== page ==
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Trowbridge Challenges Communication Educators to Embrace the Shift

kevin_trowbridgeIn a workshop for the Tennessee Communication Association (TCA), Dr. Kevin S. Trowbridge, assistant professor of public relations, challenged attendees to use social media as a tool to engage students in the classroom and beyond.

The presentation was part of a two-day event held Sept. 13-14, at the Embassy Suites in Murfreesboro, Tenn. Students and faculty from 16 colleges and universities across the state participated in the annual conference. This year’s conference theme was “Student Centered Ideas.”

“With increasing demands for post-secondary institutions to deliver the highest quality educational experience in the most efficient and least expensive way, the concept of ‘student-centeredness’ can be misconstrued as a trend that perpetuates a simple consumer mentality toward higher education,” Trowbridge said. “However, as faculty, we must break this misconception and remember that being student-centered is central to our calling as educators.”

The presentation suggested how new technologies have promoted a shift of expectations for engagement for individuals and organizations, including colleges and universities. With an increasing array of social media tools, educators can engage their students in learning through platforms with which digital natives are most regularly engaged, Trowbridge explained.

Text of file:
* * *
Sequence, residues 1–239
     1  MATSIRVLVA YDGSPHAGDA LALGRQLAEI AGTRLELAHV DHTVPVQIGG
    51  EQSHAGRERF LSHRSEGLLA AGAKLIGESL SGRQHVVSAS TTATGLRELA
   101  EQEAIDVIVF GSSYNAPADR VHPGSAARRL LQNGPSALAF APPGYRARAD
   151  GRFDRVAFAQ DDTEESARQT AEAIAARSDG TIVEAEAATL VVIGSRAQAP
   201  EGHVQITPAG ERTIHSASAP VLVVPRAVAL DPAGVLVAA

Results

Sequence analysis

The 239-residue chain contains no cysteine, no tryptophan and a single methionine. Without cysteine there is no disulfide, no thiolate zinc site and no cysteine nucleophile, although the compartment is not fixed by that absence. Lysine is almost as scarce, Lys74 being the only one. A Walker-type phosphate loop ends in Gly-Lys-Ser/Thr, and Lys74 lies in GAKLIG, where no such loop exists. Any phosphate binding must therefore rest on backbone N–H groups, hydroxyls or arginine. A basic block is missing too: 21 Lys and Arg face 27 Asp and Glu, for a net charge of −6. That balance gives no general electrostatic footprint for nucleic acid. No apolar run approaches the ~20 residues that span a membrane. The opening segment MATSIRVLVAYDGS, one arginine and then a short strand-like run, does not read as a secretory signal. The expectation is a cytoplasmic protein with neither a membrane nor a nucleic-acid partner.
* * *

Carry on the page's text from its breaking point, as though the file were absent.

For nearly 10 years Trowbridge has been studying the effects of social media on the ways individuals communicate with one another as well as with organizations.

In another session at the conference, Trowbridge and Dr. Christie Kleinmann, associate professor of communication arts at Lee University, offered best practices for using client-based. The title of their presentation was “Designing the Best for Both Worlds: Student-Centered Learning through Client-Based Service.”

The Tennessee Communication Association is a professional organization for communication scholars, faculty and students who seek to improve communication education and encourage communication research.